Ecological Society of America (ESA) ECOLOGY
Forum—P Values and Model Selection (pp. 609-654)
Volume 95, Issue 3 (March 2014): pp. 645-651
The use, abuse, interpretations and reinterpretations of the notion of a P value has been a hot topic of controversy since the 1950s in statistics and several applied ﬁelds, including psychology, sociology, ecology, medicine, and economics.
The initial controversy between Fisher’s signiﬁcance testing and the Neyman and Pearson (N-P; 1933) hypothesis testing concerned the extent to which the pre-data Type I error probability α can address the arbitrariness and potential abuse of Fisher’s post-data threshold for the P value. Continue reading
Anything Tests Can do, CIs do Better; CIs Do Anything Better than Tests?* (reforming the reformers cont.)
Having reblogged the 5/17/12 post on “reforming the reformers” yesterday, I thought I should reblog its follow-up: 6/2/12.
Consider again our one-sided Normal test T+, with null H0: μ < μ0 vs μ >μ0 and μ0 = 0, α=.025, and σ = 1, but let n = 25. So M is statistically significant only if it exceeds .392. Suppose M (the sample mean) just misses significance, say
Mo = .39.
The flip side of a fallacy of rejection (discussed before) is a fallacy of acceptance, or the fallacy of misinterpreting statistically insignificant results. To avoid the age-old fallacy of taking a statistically insignificant result as evidence of zero (0) discrepancy from the null hypothesis μ =μ0, we wish to identify discrepancies that can and cannot be ruled out. For our test T+, we reason from insignificant results to inferential claims of the form:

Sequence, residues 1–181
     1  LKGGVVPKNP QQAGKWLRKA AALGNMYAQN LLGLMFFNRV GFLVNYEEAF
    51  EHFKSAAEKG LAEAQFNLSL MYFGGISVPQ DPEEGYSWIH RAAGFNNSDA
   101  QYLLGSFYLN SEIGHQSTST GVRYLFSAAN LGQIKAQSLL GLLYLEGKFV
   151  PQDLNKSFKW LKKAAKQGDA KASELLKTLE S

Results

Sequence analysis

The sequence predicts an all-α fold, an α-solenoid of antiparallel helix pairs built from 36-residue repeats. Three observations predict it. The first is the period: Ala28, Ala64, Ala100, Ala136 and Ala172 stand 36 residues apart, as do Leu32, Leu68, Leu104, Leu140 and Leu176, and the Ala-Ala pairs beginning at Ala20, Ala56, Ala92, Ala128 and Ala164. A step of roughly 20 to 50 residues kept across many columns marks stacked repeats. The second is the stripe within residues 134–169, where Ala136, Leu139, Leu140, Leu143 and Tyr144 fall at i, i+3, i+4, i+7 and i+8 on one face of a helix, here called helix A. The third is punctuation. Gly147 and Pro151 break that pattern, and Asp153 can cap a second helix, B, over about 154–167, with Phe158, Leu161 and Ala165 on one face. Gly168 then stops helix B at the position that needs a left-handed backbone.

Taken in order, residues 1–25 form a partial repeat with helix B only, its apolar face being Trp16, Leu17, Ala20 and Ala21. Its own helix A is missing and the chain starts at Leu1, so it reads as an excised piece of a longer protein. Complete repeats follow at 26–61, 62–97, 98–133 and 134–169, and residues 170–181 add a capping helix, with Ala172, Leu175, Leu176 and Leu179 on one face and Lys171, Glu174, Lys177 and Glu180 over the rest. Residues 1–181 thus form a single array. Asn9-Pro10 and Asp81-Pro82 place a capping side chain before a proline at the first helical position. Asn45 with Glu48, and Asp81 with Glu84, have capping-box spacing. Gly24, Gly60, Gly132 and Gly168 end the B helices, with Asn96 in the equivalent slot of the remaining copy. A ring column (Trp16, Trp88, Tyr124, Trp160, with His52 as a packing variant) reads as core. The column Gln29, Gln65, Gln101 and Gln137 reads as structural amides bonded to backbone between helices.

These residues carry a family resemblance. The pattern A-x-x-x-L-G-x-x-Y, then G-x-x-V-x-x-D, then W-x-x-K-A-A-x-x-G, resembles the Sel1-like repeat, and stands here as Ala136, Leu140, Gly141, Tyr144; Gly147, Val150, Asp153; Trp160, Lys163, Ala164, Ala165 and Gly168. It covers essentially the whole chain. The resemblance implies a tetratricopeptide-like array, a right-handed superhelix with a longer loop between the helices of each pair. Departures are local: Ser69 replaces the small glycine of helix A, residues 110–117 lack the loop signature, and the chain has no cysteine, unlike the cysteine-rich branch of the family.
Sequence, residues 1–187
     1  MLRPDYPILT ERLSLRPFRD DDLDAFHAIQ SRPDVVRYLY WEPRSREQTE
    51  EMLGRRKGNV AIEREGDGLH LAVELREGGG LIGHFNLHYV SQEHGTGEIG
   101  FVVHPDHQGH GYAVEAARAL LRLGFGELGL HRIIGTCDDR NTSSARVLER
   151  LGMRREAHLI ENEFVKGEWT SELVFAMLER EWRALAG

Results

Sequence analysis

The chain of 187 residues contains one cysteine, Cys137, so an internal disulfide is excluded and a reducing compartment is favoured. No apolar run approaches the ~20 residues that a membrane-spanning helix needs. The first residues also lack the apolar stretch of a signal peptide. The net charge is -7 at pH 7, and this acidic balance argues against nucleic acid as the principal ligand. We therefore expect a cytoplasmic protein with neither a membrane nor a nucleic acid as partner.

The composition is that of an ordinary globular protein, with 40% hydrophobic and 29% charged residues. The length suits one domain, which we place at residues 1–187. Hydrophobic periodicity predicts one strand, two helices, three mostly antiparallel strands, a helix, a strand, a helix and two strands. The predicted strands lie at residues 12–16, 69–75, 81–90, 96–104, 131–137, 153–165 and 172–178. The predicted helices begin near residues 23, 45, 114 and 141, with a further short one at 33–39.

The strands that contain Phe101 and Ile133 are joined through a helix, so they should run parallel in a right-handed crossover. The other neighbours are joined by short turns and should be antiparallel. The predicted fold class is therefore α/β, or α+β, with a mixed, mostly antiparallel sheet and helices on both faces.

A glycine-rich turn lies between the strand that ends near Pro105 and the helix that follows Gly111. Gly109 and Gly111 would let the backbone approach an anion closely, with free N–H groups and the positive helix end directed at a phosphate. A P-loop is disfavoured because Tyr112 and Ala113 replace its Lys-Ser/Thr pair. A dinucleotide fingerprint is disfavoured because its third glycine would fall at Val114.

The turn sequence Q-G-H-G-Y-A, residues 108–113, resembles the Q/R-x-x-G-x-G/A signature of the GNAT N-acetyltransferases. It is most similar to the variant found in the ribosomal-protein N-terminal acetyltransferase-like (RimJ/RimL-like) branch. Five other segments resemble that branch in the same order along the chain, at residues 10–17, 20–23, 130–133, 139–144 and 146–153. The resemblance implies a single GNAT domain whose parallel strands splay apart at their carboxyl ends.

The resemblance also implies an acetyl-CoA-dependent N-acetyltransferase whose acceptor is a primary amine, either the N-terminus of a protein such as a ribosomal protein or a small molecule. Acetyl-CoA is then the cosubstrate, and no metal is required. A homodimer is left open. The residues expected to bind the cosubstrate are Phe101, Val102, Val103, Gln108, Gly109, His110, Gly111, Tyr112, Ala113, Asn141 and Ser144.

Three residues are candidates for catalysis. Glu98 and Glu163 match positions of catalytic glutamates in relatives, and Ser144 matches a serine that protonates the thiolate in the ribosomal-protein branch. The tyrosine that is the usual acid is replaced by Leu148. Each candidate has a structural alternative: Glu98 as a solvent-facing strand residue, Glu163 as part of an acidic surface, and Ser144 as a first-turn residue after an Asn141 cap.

μ < μ0 + γ
Fisher continually emphasized that failure to reject was not evidence for the null. Neyman, we saw, in chastising Carnap, argued for the following kind of power analysis:
Neymanian Power Analysis (Detectable Discrepancy Size DDS): If data x are not statistically significantly different from H0, and the power to detect discrepancy γ is high (low), then x constitutes good (poor) evidence that the actual effect is < γ. (See 11/9/11 post).
By taking into account the actual x0, a more nuanced post-data reasoning may be obtained.
“In the Neyman-Pearson theory, sensitivity is assessed by means of the power—the probability of reaching a preset level of significance under the assumption that various alternative hypotheses are true. In the approach described here, sensitivity is assessed by means of the distribution of the random variable P, considered under the assumption of various alternatives. “ (Cox and Mayo 2010, p. 291):
This may be captured in :
FEV(ii): A moderate p-value is evidence of the absence of a discrepancy d from Ho only if there is a high probability the test would have given a worse fit with H0 (i.e., a smaller p value) were a discrepancy d to exist. (Mayo and Cox 2005, 2010, 256).
This is equivalently captured in the Rule of Acceptance (Mayo (EGEK) 1996, and in the severity interpretation for acceptance, SIA, Mayo and Spanos (2006, p. 337):
SIA: (a): If there is a very high probability that [the observed difference] would have been larger than it is, were μ > μ1, then μ < μ1 passes the test with high severity,…
But even taking tests and CIs just as we find them, we see that CIs do not avoid the fallacy of acceptance: they do not block erroneous construals of negative results adequately. Continue reading